Self-imposed lockdown in the animal world: A glimpse into the life of a family of breeding hornbills
China is home to five hornbill species: Great Hornbill, Rufous-necked Hornbill, Wreathed Hornbill, Oriental Pied Hornbill, and Austen’s Brown Hornbill. They are restricted to tropical forests of southwest Guangxi, south & southwest Yunnan and southeast Tibet. Poaching and forest loss have greatly decimated their populations in China. We know little about how these majestic birds are faring, and knowledge about their breeding process is limited to basic observations made in the 1970s.
To save these majestic birds from extinction, the Kadoorie Conservation China Department (KCC) has been working in tandem with Guangxi Xidamingshan Provincial Nature Reserve and Yunnan Tongbiguan Provincial Nature Reserve. Our simultaneous population survey of Oriental Pied Hornbill at Xidamingshan in 2009 – first of such survey dedicated to these majestic birds in China – found that the wildlife sanctuary is home to about 50 individuals.
Then we took a step further to document the breeding behaviour of five families of Oriental Pied Hornbill who produced nine young in 2014 and 2015. These missing pieces of information are important to understand where they breed and what they feed on to formulate effective conservation strategies.
Here is the story of one of the hornbill pairs, known as A2014.
The star of the show is this father hornbill.
The mother hornbill of A2014 entered a sizable tree hole, nine metres off the ground, in a giant tree as both maternity home and nursery. Then she sealed its entrance with a plaster of mud, provided by her partner mixed with her own droppings, until no more than a narrow slit is left open. For about three months, she will stay hidden in this shoebox, completely dependent on her partner as the breadwinner, until her chicks are fully fledged and ready to fly. This unique breeding habit is believed to offer extra protection from predators and the elements.
For 40 days, we took turns to watch over the tree hole to see what kinds of food the father hornbill passed through the crack to feed the hungry mouths.
Can you spot the tree hole?
Our tent set up makeshift shelter on a hillside to get level with the tree hole
We experienced first-hand how well-insulated from the heat the hornbill’s tree hole must be. At 1pm, the temperature reached a scorching 39.4 degree Celsius inside our tent.
A labour of love
It is not an easy job to provide for the whole family. It meant three “grocery runs” every hour, day in and day out for as long as his partner and young are still under “lockdown”. In one trip, the father hornbill came home with a whooping 132 pieces of food that is regurgitated from his crop, a body part used to store food temporarily.
The father hornbill went to great lengths to help his family achieve a balanced diet. He served wasp nests, centipede, figs, praying mantis amongst many other things he harvested from the neighbourhood.
But inserting food through the crack of their temporary home can be a headache, especially when it’s a snail with a large hard shell.
Our study found that the hornbills fed mostly on fruits during the breeding period, which is equal to 80 per cent of their total diet. Although they consumed small to medium sized fruits the most, large figs were also very important to their menu (10 per cent of total diet). We also observed that the father hornbill hunted mostly invertebrates, coming home with a bat on one occasion only.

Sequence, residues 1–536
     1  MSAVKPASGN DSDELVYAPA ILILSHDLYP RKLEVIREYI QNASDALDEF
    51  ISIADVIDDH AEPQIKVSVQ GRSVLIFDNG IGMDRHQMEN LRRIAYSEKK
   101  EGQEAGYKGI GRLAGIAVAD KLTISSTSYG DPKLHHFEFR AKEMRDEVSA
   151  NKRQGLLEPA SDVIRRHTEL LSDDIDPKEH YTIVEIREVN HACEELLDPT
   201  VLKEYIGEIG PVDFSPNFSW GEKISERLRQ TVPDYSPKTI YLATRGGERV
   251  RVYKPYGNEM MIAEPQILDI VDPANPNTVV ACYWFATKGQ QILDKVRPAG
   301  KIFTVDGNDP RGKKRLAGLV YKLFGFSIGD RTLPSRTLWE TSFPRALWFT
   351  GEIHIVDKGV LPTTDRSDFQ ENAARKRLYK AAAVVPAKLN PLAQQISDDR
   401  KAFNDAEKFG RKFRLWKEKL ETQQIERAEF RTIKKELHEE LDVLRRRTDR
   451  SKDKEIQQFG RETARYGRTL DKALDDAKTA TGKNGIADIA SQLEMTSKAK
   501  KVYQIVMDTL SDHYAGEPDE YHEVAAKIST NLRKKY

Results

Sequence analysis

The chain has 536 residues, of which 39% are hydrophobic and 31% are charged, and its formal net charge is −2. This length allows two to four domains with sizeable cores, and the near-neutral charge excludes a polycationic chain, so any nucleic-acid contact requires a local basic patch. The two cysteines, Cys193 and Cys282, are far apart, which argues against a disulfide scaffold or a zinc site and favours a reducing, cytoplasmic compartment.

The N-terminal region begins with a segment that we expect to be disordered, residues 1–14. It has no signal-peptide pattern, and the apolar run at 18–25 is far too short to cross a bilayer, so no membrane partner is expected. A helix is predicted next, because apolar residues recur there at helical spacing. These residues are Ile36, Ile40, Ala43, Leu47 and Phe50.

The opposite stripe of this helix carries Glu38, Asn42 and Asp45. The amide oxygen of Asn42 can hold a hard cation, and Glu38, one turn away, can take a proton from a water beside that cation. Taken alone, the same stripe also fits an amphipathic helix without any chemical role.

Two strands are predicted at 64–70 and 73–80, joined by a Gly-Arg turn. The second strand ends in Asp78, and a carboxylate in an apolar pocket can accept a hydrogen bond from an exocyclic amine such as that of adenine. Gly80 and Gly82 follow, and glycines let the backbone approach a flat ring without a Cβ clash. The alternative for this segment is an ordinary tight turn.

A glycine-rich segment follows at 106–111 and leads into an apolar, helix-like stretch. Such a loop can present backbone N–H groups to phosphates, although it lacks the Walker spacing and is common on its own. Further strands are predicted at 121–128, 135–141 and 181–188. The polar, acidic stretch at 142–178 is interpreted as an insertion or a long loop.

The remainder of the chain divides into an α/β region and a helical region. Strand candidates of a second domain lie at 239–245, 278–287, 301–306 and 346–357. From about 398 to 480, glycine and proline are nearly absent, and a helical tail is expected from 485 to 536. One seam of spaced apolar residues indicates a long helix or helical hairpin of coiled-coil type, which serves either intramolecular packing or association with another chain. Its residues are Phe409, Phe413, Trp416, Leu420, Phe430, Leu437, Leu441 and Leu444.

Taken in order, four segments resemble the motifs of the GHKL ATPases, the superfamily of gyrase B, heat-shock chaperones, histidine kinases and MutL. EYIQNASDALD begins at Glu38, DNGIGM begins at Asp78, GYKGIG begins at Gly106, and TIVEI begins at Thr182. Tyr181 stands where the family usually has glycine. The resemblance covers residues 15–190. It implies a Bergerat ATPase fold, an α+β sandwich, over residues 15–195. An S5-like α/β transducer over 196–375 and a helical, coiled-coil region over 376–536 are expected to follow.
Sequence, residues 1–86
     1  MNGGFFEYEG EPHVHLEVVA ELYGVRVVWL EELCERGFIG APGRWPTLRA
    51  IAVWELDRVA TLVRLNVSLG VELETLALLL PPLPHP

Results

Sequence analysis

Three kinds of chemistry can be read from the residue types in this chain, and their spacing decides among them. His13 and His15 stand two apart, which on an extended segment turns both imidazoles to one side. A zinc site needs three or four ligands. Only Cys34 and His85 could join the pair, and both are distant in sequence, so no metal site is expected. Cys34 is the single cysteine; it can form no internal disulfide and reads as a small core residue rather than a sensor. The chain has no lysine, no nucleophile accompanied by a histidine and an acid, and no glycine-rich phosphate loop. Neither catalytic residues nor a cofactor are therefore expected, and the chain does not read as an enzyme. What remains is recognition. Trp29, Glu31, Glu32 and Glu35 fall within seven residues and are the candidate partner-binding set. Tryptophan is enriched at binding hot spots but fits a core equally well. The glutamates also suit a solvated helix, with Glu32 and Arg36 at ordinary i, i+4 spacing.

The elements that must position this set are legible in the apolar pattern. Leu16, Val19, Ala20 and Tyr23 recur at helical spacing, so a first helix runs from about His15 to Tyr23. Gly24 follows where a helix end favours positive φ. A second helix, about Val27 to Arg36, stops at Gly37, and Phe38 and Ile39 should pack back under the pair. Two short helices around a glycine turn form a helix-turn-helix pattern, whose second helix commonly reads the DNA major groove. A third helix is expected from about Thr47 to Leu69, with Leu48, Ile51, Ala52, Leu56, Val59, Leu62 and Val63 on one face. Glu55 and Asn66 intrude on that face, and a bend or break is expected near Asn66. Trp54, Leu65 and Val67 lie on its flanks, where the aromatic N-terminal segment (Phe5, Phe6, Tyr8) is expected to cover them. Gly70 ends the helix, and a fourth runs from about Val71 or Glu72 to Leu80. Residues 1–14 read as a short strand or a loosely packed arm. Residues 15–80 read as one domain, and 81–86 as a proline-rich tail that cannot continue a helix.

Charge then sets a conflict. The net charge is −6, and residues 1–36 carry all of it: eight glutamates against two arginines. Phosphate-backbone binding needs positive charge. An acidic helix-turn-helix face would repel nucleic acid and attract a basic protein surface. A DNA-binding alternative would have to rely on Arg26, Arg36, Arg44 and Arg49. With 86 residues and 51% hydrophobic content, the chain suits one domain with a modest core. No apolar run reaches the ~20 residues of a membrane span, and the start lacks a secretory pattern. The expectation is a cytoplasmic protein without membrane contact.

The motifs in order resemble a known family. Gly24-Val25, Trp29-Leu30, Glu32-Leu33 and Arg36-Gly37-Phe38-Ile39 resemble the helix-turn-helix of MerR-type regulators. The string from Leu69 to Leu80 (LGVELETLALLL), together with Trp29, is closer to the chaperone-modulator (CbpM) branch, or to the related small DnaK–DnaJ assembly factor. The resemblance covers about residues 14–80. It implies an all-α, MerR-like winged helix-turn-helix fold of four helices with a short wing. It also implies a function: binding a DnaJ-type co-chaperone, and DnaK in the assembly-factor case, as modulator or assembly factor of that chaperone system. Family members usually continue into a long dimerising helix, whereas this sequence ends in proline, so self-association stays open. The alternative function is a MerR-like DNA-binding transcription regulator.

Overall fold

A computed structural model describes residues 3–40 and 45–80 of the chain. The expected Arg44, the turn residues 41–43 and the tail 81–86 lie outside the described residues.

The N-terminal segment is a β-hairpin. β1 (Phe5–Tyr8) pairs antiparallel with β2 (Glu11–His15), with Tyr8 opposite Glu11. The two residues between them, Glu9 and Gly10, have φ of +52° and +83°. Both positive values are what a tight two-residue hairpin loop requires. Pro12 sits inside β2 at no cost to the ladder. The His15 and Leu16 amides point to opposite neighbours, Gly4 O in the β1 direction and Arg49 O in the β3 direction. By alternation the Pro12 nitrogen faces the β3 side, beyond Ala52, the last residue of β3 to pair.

Inside the nest
For 90 long days, the narrow slit in the tree hole is the only source of light and only access to the big wide world for the mother hornbill and her chicks, and also our only gateway to the life under “lockdown” for the family.
We caught a precious glimpse of a featherless chick, which has yet to open its eyes, through the opening in the tree hole. Its excrements stain the bottom of the opening of the tree hole, awaiting a proper clean-up by the father hornbill.
Here is the mother hornbill, just as curious about us as we are of her.
The young hornbill, which has grown up a little, eyes the outside world inquisitively.
At long last, the two chicks grew all their feathers and were ready to beat their wings for the first time. The mother hornbill broke the mud plaster apart and left the confines of the tree hole first, followed one by one by her two fully-fledged chicks.
The moment when the mother hornbill got a taste of fresh air and stretched her wings.
Three minutes later, the two young ones made their grand appearance and flew to a nearby branch to take in their surrounds.
Our work did not end there. After the family left, we recruited a team of tree climbers who hoisted themselves up three of the tree holes to take some measurements. We found that the trees where the nests were located are 13m to 18m tall, with an average diameter at breast height of 74cm. And their shoebox homes were 77 to 103cm tall and 30 to 50 cm wide.
We believe that the forest supplied sufficient food for the hornbill families, but the lack of big trees with large tree holes limited the population growth of hornbills. It is recommended to strengthen law enforcement in the nature reserve, explore the use of artificial nest boxes in the short run, and look into the feasibility of planting fast-growing, large-sized native tree species in the long run.
Without the help of tree climbers who volunteered their services, we would not have been able to complete our study.
All the worldly possessions left behind inside the tree hole by the hornbill family: part of the mud plaster of the tree hole entrance (left) and old flight feathers belonging to the mother hornbill (right).
For more details of the research, visit: http://dwxzz.ioz.ac.cn/ch/reader/view_abstract.aspx?file_no=20078&flag=1